Country: United States
Release Date: February 8, 2019
Director: Hans Petter Moland
Nels Coxman's quiet life as a snowplow driver comes crashing down when his beloved son dies under mysterious circumstances. His search for the truth soon becomes a quest for revenge against a psychotic drug lord named Viking and his sleazy henchmen. Transformed from upstanding citizen to coldblooded vigilante, Coxman unwittingly sets off a chain of events that includes a kidnapping, a series of deadly misunderstandings and a turf war between Viking and a rival boss.
After Taken, Liam Neeson’s career changed drastically. He went from being the dramatic actor from Schindler’s List to an official ass-kicker, inhabiting action movies that could best be described as Dad Rock – films tailor-made for fathers across the land to enjoy. This newfound reputation occasionally backfires, though. The most obvious example is The Grey, a fantastic, haunting movie about death and grief that was marketed as Liam Neeson Fights Wolves. The marketing sunk the movie in a lot of people’s minds. Now here comes Cold Pursuit, which might suffer the same fate. The ads play up the angle that this film involves Neeson out for revenge, and while that’s certainly a part of the film, there’s a lot more going on here. And I don’t know if casual moviegoers are prepared for that.
“Cold Pursuit” might have all the trappings of those junky late-era Liam Neeson movies where the aging Irish actor murders a small army of people like some kind of AARP-eligible Rambo, but Hans Petter Moland’s mordantly hilarious comic thriller doesn’t wait long to defile expectations. The fact that it opens with an Oscar Wilde quote should be enough to confuse anyone who’s bracing for another tedious riff on “Taken.” The quote reads: “Some cause happiness wherever they go; others whenever they go,” and while that may seem like a pretentious little preamble for a film that features Neeson shooting a bridal shop clerk in the face with a sawed-off sniper rifle, it turns out to be the perfect table-setting for a fiendishly entertaining, pitch-black revenge story about a decent man who develops a violent knack for being the worst the worst part of anyone’s day.. In the picture, Park is holding a few papers in his left hand. No big deal, right? But then, the internet did what the internet does, and dissected the image pixel by pixel. And what they spotted may have a major impact on the film.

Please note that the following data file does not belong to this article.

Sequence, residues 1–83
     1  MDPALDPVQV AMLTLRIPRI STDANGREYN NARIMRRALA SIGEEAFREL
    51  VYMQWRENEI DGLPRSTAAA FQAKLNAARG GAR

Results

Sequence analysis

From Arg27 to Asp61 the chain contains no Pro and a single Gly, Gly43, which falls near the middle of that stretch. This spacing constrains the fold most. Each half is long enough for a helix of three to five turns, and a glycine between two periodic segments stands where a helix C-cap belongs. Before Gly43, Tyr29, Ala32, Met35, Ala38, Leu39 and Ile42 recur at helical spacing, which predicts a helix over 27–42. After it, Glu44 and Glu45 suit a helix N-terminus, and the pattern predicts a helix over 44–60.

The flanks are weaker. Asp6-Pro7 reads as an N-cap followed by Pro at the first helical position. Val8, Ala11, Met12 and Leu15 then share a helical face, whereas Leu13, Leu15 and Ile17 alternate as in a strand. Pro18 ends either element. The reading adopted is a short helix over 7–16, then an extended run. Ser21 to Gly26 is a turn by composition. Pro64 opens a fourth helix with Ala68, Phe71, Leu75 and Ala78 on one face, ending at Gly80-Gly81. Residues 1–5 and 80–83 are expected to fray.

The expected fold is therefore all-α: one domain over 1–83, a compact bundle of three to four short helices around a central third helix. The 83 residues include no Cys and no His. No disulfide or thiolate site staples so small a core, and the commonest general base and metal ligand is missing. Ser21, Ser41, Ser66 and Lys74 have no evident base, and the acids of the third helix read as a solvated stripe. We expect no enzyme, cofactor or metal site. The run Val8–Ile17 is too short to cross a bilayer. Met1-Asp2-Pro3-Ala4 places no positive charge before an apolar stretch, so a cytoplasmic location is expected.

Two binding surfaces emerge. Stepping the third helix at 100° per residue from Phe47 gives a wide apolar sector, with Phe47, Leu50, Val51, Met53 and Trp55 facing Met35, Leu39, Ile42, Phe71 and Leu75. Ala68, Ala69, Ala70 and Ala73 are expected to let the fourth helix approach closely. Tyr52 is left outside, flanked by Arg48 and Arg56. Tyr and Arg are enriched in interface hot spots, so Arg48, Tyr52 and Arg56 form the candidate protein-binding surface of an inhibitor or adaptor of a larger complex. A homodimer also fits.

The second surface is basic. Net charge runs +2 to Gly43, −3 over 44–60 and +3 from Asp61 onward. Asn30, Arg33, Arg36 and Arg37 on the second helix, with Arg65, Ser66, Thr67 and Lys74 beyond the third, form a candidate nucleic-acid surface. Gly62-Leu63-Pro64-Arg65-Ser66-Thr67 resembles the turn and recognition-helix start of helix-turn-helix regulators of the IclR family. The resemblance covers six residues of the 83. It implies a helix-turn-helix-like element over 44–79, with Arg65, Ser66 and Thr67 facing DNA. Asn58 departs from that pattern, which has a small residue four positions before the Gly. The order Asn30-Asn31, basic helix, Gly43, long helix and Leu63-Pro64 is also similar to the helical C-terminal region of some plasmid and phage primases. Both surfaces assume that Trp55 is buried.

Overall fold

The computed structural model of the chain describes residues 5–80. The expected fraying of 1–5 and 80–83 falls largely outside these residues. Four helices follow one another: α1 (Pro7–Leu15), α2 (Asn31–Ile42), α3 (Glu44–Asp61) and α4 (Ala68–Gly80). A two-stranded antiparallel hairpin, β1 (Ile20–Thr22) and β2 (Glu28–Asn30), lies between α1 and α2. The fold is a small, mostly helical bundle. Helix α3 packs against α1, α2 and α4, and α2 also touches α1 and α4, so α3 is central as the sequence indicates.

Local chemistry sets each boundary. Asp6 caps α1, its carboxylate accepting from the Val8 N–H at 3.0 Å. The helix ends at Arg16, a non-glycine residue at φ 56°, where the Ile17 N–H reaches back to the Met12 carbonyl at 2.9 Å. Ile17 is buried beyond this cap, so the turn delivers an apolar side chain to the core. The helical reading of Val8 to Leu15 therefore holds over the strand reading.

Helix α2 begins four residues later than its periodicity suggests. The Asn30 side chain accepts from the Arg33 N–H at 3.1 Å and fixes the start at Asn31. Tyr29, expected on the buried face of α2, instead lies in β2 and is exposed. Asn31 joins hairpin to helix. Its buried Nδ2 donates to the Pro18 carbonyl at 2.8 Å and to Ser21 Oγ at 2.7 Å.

"Cold Pursuit is not Taken. It’s not any of Liam Neeson’s action-thrillers, and it’s not trying to be. If anything, Cold Pursuit, Hans Petter Moland’s adaptation of his 2014 Norwegian film In Order of Disappearance, is a parody of the revenge film that has little patience for characterization or relationships. Rather than dive into the interior lives of its characters, Cold Pusuit relishes the thinnest of motivations to rack up a body count. Moland and screenwriter Frank Baldwin revel in the absurdity of the revenge movie, and they make the most of poking fun at its conventions in darkly comic fashion. If you’re expecting a straight-faced thriller, you won’t find it here. Instead, you’ll have a blast watching Moland toy with the genre. Michael Nordine Mar 25, 2019 3:50 pm @slowbeard Cold Pursuit, jason Momoa Courtesy of DC Entertainment Much to the consternation of fans, “Cold Pursuit” has yet to receive a teaser trailer despite being scheduled for release later this year. This has naturally led to speculation among those same fans, which director James Wan has apparently had enough of. The “Saw” and “The Conjuring” filmmaker took to Twitter to dispel any rumors about the delay, explaining that the problem is simple: “It’s me.”
Check out the trailer (below) and let us know what you think. While you’re at it, be sure to peep Future’s new song with DJ Stevie J called “Stripper,” which dropped last week. Stay tuned for more.